You may be aware of Miranda Rights from cop shows on the TV. Suspects in cases have a right to be warned by police that what they say can be used against them as evidence. However, few people are aware of the history of Miranda rights.

The Miranda warning stems from a landmark case in 1966. The U.S. Supreme Court ruled in Miranda v. Arizona that whenever a person is taken into police custody, before being questioned the suspect must be informed of his or her Fifth Amendment rights.

The warning is intended to prevent defendants incriminating themselves post-arrest. At this point, a criminal defense lawyer should be hired to represent you.

What are your Miranda Rights?

Miranda Rights during an arrest

The four things a police officer, a state trooper or any other law enforcement officer should tell you on arrest are the following:

  1. You have the right to remain silent.
  2. Anything you say to the officer can and will be used against you in a court of law.
  3. You have the right to an attorney.
  4. If you cannot afford an attorney, a lawyer will be appointed for you.

The Miranda case was meant to end intimidating police tactics previously known as the “third degree” in which officers would press suspects to reveal incriminating information.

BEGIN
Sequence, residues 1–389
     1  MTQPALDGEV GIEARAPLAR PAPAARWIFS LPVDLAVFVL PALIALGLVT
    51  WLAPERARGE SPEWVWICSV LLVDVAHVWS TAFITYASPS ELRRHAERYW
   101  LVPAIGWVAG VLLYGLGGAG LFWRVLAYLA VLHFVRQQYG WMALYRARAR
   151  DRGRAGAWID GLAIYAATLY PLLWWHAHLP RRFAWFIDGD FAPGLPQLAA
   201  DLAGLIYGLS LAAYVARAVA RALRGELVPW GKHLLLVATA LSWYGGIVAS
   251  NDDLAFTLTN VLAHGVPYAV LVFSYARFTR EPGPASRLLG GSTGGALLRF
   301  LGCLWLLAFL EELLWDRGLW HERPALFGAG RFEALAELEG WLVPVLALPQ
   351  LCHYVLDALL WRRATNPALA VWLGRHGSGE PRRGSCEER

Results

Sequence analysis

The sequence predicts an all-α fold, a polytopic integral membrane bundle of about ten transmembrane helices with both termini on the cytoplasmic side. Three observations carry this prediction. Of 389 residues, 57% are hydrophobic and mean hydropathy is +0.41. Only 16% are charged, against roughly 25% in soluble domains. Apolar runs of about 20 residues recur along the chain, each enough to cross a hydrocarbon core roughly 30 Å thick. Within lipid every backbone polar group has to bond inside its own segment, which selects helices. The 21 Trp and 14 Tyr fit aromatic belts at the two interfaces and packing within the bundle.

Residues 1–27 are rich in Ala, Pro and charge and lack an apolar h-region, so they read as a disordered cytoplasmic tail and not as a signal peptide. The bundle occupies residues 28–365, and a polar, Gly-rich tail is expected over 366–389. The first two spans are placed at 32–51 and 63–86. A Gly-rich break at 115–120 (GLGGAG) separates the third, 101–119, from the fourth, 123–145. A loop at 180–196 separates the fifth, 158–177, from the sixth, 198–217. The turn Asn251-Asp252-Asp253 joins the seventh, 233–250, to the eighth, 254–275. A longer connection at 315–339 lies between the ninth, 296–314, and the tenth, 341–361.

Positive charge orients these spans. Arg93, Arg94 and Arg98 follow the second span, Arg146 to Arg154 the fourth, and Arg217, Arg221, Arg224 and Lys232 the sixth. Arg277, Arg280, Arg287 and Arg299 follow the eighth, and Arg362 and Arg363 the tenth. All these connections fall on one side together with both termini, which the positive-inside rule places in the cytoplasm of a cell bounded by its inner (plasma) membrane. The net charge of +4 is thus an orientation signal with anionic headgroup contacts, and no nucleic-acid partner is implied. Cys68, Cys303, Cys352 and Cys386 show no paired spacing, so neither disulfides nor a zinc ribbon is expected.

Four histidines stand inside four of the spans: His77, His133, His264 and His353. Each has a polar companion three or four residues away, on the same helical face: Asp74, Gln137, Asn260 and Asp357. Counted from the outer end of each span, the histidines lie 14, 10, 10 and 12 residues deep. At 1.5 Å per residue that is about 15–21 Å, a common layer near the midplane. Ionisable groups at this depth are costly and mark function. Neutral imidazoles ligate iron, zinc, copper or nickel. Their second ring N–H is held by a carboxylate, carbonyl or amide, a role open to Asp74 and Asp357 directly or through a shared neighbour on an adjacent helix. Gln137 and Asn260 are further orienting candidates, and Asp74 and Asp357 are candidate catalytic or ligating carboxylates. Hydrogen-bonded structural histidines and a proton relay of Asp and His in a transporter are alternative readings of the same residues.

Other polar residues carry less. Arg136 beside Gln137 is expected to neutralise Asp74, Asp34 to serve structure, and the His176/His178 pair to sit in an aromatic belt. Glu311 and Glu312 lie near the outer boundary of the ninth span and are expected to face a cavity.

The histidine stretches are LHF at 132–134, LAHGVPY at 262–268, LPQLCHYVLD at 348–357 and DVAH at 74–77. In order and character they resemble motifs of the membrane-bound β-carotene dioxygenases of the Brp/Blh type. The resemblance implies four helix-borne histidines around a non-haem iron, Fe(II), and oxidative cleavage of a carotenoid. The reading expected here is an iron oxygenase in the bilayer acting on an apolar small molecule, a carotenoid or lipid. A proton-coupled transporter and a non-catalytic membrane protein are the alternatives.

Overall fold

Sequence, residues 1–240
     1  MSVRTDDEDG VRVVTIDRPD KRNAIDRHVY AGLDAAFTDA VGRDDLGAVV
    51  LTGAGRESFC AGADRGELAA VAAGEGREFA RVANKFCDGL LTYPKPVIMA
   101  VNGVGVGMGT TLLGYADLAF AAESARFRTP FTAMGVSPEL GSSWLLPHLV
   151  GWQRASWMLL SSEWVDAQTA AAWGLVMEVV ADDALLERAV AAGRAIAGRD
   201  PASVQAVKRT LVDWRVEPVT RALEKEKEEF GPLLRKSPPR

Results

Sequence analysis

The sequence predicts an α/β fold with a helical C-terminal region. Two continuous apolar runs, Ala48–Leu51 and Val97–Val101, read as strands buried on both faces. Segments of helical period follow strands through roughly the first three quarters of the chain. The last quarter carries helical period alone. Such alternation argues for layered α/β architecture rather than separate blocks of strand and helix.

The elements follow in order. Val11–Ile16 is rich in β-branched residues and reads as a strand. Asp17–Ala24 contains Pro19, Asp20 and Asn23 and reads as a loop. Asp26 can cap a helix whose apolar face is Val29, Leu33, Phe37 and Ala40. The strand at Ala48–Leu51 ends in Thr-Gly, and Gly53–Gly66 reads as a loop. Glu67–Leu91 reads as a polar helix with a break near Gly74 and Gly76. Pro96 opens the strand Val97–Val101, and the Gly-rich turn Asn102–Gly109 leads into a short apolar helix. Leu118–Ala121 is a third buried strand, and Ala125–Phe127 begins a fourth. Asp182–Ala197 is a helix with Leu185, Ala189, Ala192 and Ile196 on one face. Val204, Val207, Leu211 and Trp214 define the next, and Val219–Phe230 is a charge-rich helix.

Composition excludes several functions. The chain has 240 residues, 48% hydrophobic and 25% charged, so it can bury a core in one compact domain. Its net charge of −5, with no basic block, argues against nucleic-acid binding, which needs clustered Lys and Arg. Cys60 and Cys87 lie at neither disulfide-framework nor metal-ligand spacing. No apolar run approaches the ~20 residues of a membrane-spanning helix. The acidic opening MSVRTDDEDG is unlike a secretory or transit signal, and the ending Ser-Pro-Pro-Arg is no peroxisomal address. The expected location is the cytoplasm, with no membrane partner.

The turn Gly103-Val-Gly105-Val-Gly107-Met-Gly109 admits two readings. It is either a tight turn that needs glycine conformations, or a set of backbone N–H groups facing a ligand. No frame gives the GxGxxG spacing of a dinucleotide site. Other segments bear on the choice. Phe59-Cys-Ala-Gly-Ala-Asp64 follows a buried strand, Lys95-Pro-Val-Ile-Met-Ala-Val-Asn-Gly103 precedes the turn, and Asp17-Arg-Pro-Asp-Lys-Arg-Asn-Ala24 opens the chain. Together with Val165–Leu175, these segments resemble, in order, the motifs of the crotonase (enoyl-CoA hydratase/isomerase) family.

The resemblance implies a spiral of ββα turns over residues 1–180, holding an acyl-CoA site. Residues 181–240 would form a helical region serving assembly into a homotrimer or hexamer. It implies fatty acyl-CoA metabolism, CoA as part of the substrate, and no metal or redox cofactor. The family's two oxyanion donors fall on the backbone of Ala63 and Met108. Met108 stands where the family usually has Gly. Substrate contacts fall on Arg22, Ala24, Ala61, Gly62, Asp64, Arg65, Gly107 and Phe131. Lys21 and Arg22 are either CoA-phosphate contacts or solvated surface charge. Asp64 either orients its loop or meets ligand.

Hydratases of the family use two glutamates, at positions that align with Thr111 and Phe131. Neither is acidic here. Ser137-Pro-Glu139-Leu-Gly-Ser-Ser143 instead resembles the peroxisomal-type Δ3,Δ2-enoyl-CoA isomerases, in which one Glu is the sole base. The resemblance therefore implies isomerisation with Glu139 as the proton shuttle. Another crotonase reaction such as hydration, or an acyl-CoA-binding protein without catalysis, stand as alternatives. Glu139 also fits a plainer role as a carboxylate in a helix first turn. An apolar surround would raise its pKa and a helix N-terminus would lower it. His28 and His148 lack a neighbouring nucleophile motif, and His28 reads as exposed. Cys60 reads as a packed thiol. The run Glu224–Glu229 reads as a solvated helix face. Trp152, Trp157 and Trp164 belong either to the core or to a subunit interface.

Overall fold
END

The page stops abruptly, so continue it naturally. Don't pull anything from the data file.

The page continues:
The Miranda decision was based on a case in which a defendant, Ernesto Miranda, was accused of kidnapping, robbery, and rape. He confessed to the crime during a police interrogation.

Miranda’s conviction was overturned for allegedly intimidating methods of police questioning. Miranda was again convicted after a retrial.

The result of another trial, Escobedo v. Illinois in 1964, provided that a suspect has a right to legal counsel during police questioning or to meet with a lawyer before being questioned by police if the answers will be used against the suspect at a trial, or if a suspect is being detained and questioned against their will.

The finalised text for the Miranda Warning was provided in 1968 by California deputy attorney general Doris Maier and district attorney Harold Berliner.

A police officer must only read you the Miranda Warning if he or she plans on using your answers as evidence at a criminal trial. In some cases, you may be stopped and asked questions without being read those rights. You have the right to politely refuse to answer these questions.

If an officer fails to read you the Miranda warning, the case against you may not necessarily be dropped. However, the evidence gained from your statements will be inadmissible in court.

If you have been arrested and charged with a crime in Newnan or the surrounding area, call The Law Offices of Michael West at (404) 913-1529.